In the United States, about 10,000 children are diagnosed each year with cancer. Across the globe the number experiencing childhood cancer rises to 400,000. And, as the author Rebecca Smith points out, for “for every child that is diagnosed there are many more children whose lives are impacted—friends, siblings, children in the playground.” Cancer has a malicious ripple effect, one that is unlikely to leave most children unscathed, even if they are not directly and personally affected by it.
“When a child has cancer it is not only the child with cancer who is fearful,” Smith, a former teacher, says. “Friends, kids in the playground, passers by in the street might see a child without their hair and be scared and uncertain how to talk to that child. Do they ask about their illness? When kids are frightened they can often respond by being mean.”
But cancer is not a topic that children are often given the opportunity to discuss, although Smith, with the publication of her new book, Super Daisy (which publishes tomorrow) is out to change. The story is inspired by her real-life god-daughter who was diagnosed at the age of two with a rare form of childhood cancer, and it tells of a magical wig that transforms Daisy’s outlook on her own battle. While Daisy’s cheery and singular personality shines on each page of Super Daisy, the character herself is more of a universal avatar: “Daisy represents many children who find the most extraordinary inner strength whilst facing the injustice of childhood cancer.”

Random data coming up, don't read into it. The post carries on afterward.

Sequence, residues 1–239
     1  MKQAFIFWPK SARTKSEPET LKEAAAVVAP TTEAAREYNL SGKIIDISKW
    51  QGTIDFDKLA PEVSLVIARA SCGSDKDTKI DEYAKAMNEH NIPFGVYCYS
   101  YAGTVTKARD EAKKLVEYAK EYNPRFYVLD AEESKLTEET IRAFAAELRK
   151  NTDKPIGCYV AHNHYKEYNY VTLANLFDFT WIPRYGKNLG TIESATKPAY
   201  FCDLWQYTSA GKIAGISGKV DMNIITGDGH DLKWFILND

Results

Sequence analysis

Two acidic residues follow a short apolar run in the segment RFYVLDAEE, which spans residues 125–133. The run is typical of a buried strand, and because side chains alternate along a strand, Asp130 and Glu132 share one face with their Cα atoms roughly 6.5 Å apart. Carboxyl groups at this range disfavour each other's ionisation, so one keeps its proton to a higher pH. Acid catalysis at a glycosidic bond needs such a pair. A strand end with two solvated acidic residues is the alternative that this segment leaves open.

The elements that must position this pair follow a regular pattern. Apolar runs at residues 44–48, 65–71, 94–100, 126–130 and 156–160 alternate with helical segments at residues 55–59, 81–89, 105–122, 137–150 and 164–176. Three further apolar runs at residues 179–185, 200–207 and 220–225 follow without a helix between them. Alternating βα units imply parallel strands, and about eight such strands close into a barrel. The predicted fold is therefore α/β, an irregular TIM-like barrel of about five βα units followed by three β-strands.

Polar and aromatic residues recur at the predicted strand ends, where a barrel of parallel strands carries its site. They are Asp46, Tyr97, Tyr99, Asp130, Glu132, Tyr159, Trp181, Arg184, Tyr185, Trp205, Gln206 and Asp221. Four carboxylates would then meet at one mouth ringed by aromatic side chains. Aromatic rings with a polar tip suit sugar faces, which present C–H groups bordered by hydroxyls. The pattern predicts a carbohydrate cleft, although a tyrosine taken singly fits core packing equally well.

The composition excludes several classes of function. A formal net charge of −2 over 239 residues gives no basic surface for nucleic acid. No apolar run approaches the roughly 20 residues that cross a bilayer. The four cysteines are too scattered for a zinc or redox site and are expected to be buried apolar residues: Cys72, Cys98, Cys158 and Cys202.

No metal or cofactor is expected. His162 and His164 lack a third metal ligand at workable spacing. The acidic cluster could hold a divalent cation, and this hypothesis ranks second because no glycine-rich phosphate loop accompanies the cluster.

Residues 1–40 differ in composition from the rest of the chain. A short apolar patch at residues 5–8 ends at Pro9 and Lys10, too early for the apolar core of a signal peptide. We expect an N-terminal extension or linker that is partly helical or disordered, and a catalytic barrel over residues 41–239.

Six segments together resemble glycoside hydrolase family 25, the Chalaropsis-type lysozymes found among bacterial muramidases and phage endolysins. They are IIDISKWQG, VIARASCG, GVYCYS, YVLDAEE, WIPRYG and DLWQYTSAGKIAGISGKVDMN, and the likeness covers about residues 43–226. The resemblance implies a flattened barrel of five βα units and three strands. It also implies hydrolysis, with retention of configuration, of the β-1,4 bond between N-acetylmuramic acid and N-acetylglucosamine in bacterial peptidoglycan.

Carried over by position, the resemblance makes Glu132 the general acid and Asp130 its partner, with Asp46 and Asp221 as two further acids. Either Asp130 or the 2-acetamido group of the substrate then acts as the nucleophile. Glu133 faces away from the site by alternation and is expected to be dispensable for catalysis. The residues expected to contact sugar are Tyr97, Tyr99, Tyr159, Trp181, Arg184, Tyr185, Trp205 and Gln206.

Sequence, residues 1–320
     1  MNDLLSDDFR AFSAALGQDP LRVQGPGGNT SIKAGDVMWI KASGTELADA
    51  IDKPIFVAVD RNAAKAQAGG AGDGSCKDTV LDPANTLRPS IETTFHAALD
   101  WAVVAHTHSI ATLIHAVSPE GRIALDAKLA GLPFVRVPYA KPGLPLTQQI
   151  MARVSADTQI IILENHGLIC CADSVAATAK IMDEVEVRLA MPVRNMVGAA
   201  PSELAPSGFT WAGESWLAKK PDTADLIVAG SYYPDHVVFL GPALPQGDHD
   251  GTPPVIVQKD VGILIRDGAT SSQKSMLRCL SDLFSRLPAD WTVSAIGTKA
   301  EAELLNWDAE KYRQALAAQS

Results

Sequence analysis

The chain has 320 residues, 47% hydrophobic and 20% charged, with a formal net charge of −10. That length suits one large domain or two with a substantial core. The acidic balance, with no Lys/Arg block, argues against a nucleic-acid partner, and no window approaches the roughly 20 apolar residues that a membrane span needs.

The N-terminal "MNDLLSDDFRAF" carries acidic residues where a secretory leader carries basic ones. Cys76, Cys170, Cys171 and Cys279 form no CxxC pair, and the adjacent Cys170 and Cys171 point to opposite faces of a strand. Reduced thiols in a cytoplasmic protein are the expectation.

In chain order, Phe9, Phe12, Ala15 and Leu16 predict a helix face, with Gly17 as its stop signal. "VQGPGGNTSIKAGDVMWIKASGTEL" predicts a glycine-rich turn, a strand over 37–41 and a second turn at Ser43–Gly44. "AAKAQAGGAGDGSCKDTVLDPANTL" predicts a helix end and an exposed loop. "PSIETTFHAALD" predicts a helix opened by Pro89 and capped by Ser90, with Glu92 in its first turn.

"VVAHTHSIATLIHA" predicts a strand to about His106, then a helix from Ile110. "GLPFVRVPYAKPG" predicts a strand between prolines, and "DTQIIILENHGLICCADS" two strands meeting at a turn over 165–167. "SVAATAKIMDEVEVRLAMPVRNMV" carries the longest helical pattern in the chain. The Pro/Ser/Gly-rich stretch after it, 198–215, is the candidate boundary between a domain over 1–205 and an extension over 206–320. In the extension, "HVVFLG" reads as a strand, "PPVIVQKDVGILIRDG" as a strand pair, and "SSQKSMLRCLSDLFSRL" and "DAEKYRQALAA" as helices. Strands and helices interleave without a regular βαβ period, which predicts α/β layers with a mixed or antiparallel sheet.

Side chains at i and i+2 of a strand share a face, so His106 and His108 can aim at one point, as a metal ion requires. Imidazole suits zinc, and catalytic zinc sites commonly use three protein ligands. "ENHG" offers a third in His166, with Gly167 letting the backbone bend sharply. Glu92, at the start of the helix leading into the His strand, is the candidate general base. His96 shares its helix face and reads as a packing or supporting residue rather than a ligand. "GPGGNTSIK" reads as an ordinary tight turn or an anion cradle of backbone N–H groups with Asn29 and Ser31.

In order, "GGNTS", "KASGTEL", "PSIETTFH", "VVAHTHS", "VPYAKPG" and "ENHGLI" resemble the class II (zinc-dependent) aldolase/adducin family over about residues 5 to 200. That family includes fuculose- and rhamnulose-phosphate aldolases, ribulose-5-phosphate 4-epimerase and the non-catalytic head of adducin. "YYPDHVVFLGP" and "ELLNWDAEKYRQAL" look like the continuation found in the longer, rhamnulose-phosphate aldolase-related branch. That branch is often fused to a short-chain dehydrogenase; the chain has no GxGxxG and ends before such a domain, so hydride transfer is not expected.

Just before the publication of Super Daisy, I spoke with Smith about what she hopes the book might accomplish.
Tell me a little bit about how this book was born? Who is Daisy?
Shortly after her 2nd birthday my Goddaughter, Daisy—also my daughter’s best friend—was diagnosed with Langerhans Cell Hystiocytosis, a rare form of cancer. Daisy had been seriously ill for months, unable to keep food down and failing to thrive. In those months she underwent countless tests for allergies and stomach complaints, but nothing added up.
I remember visiting the family on Halloween 2015. All our kids are friends—my two, Daisy, and her two older siblings. They played happily and Daisy was sparky and mischievous, but she was also thin, restless, exhausted, and desperately hungry. I remember her asking for porridge and snacks—by this point her diet was limited as allergens were being ruled out—but anything she ate she threw up. It makes me tearful to remember that evening. We all knew something was terribly wrong. Daisy’s mother, one of my closest friends, was beside herself. The next day they visited the consultant and Daisy’s mum asked, “when is the right moment to call an ambulance?” They admitted Daisy to Great Ormond Street Hospital, London that day.